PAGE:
Carla Korbes and Karel Cruz danced the central couple in the evening casts; Olivier Wevers partnered Maria Chapman in the matinee. In the swirling lifts, and whirling entrances of the first and third movements,, Chapman and Wevers made a greater impression, because Chapman was vibrantly present and seemed more a member of the community. Korbes was more passive, and was presented by Cruz. In the central pas de deux, Korbes’ line was more romantic and her phrasing more sweeping, and Cruz was a prince of a partner, completely focused on her in a heart-aching way until the spell was broken.
Rachel Foster, Benjamin Griffiths, and Jonathan Porretta danced the pas de trois in the matinee performance. I find casting Foster in technical powerhouse roles like “Square Dance” and “Concerto DSCH” pas de trois perplexing, because in both roles she was out-danced on all sides. This rich role looked diminished, and so did her partners, two of the strongest dancers in the company. She doesn’t have the technique or power to do it justice. Foster has done contemporary roles exceedingly well, but in classical and neoclassical she dances pretty, and this role needs much, much more.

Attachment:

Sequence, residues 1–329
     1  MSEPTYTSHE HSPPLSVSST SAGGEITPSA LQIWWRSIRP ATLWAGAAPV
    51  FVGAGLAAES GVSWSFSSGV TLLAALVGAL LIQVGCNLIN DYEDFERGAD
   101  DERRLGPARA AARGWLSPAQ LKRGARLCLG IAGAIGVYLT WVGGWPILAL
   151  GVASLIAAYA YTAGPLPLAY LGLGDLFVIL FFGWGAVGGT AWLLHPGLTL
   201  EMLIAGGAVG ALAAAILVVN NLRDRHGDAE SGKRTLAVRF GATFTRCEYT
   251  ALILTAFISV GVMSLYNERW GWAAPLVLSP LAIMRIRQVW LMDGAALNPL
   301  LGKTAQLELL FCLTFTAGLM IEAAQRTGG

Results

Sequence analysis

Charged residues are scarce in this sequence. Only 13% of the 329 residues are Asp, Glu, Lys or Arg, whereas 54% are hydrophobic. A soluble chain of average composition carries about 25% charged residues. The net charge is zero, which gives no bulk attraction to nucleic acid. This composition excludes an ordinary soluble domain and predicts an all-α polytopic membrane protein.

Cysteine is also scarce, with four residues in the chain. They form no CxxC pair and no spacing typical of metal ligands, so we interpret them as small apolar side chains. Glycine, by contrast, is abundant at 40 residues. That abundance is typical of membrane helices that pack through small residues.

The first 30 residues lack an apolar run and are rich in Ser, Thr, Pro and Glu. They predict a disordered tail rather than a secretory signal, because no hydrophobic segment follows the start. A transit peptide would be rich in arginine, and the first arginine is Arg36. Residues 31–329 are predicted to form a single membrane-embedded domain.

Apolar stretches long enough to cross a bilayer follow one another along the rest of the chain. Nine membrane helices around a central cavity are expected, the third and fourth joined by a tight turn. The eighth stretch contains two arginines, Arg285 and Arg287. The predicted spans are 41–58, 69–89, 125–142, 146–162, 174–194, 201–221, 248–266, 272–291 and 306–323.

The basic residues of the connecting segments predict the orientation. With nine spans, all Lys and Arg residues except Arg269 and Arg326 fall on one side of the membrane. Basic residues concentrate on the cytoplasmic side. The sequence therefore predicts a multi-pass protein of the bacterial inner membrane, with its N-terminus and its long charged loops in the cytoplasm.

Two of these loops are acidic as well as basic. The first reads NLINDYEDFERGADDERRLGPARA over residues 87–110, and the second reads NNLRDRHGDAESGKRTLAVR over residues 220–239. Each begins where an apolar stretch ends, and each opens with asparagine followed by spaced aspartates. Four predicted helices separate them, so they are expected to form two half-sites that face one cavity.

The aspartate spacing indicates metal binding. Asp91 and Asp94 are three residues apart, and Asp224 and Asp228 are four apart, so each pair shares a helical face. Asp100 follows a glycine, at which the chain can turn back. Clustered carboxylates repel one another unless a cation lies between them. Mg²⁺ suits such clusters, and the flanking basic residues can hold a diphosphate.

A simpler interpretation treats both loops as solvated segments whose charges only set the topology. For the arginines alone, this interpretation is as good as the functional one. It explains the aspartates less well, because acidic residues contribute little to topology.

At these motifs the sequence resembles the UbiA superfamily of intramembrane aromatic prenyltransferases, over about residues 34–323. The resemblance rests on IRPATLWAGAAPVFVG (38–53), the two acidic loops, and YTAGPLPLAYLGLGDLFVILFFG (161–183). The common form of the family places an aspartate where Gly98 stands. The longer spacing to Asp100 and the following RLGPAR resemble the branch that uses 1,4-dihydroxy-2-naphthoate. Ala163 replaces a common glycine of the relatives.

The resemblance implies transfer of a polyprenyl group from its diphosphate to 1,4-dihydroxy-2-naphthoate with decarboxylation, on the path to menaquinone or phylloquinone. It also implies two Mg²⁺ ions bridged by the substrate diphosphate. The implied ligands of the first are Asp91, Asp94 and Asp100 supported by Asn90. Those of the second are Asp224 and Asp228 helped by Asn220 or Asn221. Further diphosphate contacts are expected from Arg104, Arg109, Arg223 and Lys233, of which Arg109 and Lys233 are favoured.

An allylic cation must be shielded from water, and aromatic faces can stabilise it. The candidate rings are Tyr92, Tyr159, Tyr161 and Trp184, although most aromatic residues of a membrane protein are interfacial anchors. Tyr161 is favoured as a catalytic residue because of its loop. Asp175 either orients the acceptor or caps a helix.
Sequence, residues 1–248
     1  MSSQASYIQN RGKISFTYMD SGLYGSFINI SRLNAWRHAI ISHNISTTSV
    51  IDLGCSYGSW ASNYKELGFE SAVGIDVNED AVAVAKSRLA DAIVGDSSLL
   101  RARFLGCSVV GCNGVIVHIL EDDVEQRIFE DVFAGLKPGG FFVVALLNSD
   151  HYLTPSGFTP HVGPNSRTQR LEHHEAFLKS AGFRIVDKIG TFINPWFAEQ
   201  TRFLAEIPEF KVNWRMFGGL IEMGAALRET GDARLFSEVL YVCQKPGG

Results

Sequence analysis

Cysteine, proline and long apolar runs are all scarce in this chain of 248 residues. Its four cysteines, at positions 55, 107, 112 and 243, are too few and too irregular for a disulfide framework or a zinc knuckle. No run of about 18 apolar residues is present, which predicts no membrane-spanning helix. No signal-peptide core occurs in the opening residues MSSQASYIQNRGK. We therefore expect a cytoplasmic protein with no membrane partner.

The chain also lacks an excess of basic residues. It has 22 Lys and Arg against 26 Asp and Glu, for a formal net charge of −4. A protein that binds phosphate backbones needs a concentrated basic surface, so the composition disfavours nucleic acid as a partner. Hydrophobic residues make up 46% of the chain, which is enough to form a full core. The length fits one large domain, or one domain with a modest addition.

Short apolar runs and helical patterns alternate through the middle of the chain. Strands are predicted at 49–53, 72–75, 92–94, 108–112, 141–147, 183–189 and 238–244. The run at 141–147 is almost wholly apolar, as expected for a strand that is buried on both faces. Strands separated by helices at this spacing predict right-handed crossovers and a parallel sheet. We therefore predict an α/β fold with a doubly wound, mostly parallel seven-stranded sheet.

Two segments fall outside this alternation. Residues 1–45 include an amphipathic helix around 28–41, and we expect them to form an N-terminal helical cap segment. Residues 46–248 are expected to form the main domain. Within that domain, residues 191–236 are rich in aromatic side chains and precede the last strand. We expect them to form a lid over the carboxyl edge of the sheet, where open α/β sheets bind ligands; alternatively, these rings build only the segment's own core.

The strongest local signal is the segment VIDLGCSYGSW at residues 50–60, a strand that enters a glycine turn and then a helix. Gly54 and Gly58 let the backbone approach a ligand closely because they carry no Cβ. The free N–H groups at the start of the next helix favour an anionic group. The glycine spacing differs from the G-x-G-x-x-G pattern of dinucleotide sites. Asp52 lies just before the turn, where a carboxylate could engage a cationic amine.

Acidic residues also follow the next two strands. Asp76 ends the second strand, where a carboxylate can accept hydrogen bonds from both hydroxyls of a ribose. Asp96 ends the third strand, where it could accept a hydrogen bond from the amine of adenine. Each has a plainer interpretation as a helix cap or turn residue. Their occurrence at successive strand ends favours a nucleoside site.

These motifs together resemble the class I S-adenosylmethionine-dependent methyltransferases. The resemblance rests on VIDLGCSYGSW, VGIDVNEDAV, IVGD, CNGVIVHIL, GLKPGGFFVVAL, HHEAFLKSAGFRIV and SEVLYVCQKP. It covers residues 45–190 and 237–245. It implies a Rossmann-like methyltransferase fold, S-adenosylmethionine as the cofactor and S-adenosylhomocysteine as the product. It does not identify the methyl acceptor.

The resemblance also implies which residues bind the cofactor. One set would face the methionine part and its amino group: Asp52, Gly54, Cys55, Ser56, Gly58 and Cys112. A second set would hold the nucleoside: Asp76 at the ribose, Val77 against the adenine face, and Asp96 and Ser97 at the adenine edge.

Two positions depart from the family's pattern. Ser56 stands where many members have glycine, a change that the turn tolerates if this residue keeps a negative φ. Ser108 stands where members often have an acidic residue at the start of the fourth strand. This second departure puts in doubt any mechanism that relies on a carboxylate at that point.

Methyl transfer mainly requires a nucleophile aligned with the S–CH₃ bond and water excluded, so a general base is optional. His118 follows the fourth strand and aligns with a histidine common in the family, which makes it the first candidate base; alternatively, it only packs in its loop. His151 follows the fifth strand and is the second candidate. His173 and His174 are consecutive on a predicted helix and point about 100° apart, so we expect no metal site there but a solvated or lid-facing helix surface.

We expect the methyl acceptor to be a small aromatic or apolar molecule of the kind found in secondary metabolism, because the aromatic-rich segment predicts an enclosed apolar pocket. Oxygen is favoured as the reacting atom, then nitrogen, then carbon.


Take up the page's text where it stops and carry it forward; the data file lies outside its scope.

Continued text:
“Concerto DSCH” is a masterful work, but in the energy, technique, and dramatic intent and timing it requires, it is more fragile than, for example, “Pacific”. It is a great testament to the Company that they performed it overall at such remarkably high level, since Mr. Ratmansky and his wife set it in only three intense days last summer, and it was maintained and rehearsed by the PNB staff until the week of the premiere, when Mr. Ratmansky returned for a day for final polishing.
The musicians for these performances were exceptionally fine, and were equally responsible for the success of the program: Michale Jinsoo Lim (violin), Page Smith (cello), and Allan Dameron (piano) were the trio for Lou Harrison’s Piano Trio for Violin, Cello and Piano, 3rd & 4th movements (“Pacific”). After a brief pause, cellist Page Smith played the Saint-Saëns concerto (“Place a Chill”) at the same break-neck speed as du Pre's recording. Christina Siemens caught every nuance in each piece in “The Piano Dance”, and Duane Hulbert gave a brilliant rendition of Dmitri Shostakovich’s Concerto No. 2 in F Major, Op. 102 (“Concerto DSCH”). Interim Music Director Allan Dameron and guest conductor Alastair Willis led the excellent Pacific Northwest Ballet Orchestra.
Pacific Northwest Ballet principal dancers Karel Cruz and Carla Körbes in Alexei Ratmansky’s Concerto DSCH, presented as part of CONTEMPORARY 4, March 18–27, 2011. Photo © Angela Sterling.